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Newly identified immunity pathway protects mammals from virus-caused cancer

Date:
March 11, 2016
Source:
UT Southwestern Medical Center
Summary:
Building upon earlier research, investigators have identified a new innate immunity pathway that protects mammals from viral oncogenesis, the process by which viruses cause normal cells to become cancerous.
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Dr. Xiaonan Dong.
Credit: Image courtesy of UT Southwestern Medical Center

Building upon earlier research, investigators at UT Southwestern Medical Center and their collaborators have identified a new innate immunity pathway that protects mammals from viral oncogenesis, the process by which viruses cause normal cells to become cancerous.

Given the prevalence of virus-related cancers in humans, the discovery is significant -- and could eventually contribute to development of new cancer therapies. The findings were published recently in Proceedings of the National Academy of Sciences.

"More than 20 percent of human cancers -- as well as a number of other diseases -- are linked to chronic viral infections," said first author Dr. Xiaonan Dong, an Instructor in Internal Medicine at UT Southwestern's Center for Autophagy Research. The Center is led by Dr. Beth Levine, also Professor of Internal Medicine and a Howard Hughes Medical Institute Investigator at UT Southwestern.

This study revealed that the autophagy-related protein beclin 2 -- also discovered by Dr. Levine's team -- can help break down the key oncogenic viral protein associated with Kaposi's sarcoma, a type of cancer most commonly found in people with HIV infection or transplant-related suppression of their immune systems.

Autophagy is a cellular "housekeeping" process in which the body's cells destroy damaged proteins and organelles. Researchers in Dr. Levine's lab study the genes involved in this cellular recycling process and their roles in cancer, aging, infections, and neurodegenerative diseases. The present study revealed that, in addition to mediating autophagy, beclin 2 is also involved in a novel immune pathway that suppresses viral infection and virus-caused cancer.

"We found that beclin 2 can promote the degradation of Kaposi's sarcoma-associated herpesvirus G protein-coupled receptor (GPCR), and thereby suppress its cancer-causing signaling," said Dr. Dong. "Transgenic mice deficient in beclin 2 are more prone to viral GPCR-driven oncogenesis that resembles human Kaposi's sarcoma."

More specifically, researchers found that increased beclin 2 expression accelerated degradation of viral GPCR and decreased pro-tumorigenic signaling, whereas decreased beclin 2 expression led to sustained levels of viral GPCR and enhanced pro-tumorigenic signaling. This response is part of an endolysolomal trafficking process in which microbes and their constituent proteins are delivered to enzyme-filled cellular components called lysosomes.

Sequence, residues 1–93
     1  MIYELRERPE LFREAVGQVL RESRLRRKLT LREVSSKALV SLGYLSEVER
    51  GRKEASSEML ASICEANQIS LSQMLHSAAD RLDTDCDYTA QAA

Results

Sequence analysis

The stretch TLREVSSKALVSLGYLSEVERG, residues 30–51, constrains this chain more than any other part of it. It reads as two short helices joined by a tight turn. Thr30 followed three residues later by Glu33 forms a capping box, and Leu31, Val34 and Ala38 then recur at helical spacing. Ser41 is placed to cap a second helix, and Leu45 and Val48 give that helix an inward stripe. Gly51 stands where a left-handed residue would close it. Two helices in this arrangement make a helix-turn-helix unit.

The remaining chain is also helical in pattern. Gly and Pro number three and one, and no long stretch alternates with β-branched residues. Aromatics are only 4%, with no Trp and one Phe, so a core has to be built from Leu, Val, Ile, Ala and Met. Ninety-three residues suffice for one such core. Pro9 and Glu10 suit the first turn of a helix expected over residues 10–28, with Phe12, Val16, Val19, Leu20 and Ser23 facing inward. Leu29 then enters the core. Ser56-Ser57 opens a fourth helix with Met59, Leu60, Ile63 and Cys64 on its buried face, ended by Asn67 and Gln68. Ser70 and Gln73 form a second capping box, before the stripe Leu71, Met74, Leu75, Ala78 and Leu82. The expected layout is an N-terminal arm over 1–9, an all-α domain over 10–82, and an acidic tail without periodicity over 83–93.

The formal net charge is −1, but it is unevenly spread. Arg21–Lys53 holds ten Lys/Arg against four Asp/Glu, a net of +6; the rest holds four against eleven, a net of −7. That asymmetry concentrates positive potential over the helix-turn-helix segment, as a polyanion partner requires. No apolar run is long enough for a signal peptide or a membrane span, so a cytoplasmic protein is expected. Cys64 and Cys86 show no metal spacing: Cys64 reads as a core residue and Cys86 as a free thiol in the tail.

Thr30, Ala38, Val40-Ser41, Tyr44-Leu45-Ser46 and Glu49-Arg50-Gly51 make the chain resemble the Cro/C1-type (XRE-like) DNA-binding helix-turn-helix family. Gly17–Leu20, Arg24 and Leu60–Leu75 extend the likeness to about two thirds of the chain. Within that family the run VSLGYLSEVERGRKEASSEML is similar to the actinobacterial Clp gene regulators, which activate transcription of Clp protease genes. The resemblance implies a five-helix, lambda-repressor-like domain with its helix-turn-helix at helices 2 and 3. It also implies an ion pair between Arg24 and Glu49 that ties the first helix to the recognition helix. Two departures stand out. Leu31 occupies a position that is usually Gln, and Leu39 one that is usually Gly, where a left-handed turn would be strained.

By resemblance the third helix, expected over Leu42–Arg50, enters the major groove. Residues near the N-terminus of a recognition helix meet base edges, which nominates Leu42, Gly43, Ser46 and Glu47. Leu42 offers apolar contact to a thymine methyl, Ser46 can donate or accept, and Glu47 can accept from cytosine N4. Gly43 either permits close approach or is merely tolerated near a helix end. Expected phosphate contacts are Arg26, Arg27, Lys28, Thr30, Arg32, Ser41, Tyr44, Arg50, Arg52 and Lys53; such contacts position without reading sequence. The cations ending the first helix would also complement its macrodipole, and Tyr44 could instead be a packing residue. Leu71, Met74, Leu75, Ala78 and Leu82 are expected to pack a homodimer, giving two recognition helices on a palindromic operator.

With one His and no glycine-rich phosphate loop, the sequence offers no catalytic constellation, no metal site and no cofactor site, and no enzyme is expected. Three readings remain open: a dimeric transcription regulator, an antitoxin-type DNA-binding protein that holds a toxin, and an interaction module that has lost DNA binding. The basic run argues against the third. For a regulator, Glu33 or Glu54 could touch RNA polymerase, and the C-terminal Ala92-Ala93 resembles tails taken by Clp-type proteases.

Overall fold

Kaposi's sarcoma, which can affect the skin and internal organs, occurs in about 6 cases per million people each year in the U.S., according to the American Cancer Society. It is most often seen in people infected with HIV, but also has an incidence of about 1 in 200 transplant patients.

"These findings deepen understanding of the mechanisms that our immune system uses to protect against cancer and potentially against other serious diseases caused by pathogenic viral proteins," said Dr. Levine, who holds the Charles Cameron Sprague Distinguished Chair in Biomedical Science. "They may contribute to the identification and development of novel therapeutic targets and antiviral therapies."

Other UT Southwestern researchers who contributed to the study were Adam Cheng, research technician; Zhongju Zou, research specialist; Yih-Sheng Yang, research scientist; Dr. Rhea M. Sumpter, Instructor in Internal Medicine; and Dr. Chou-Long Huang, Professor of Internal Medicine and holder of the Ruth W. and Milton P. Levy, Sr. Chair in Molecular Nephrology, and the Jacob Lemann, M.D. Professorship in Calcium Transport. Researchers from Columbia University, Washington University, and the Icahn School of Medicine at Mount Sinai also contributed.


Story Source:

Materials provided by UT Southwestern Medical Center. Note: Content may be edited for style and length.


Journal Reference:

  1. Xiaonan Dong, Adam Cheng, Zhongju Zou, Yih-Sheng Yang, Rhea M. Sumpter, Chou-Long Huang, Govind Bhagat, Herbert W. Virgin, Sergio A. Lira, Beth Levine. Endolysosomal trafficking of viral G protein-coupled receptor functions in innate immunity and control of viral oncogenesis. Proceedings of the National Academy of Sciences, 2016; 201601860 DOI: 10.1073/pnas.1601860113

Cite This Page:

UT Southwestern Medical Center. "Newly identified immunity pathway protects mammals from virus-caused cancer." ScienceDaily. ScienceDaily, 11 March 2016. <www.sciencedaily.com/releases/2016/03/160311133513.htm>.
UT Southwestern Medical Center. (2016, March 11). Newly identified immunity pathway protects mammals from virus-caused cancer. ScienceDaily. Retrieved May 22, 2017 from www.sciencedaily.com/releases/2016/03/160311133513.htm
UT Southwestern Medical Center. "Newly identified immunity pathway protects mammals from virus-caused cancer." ScienceDaily. www.sciencedaily.com/releases/2016/03/160311133513.htm (accessed May 22, 2017).

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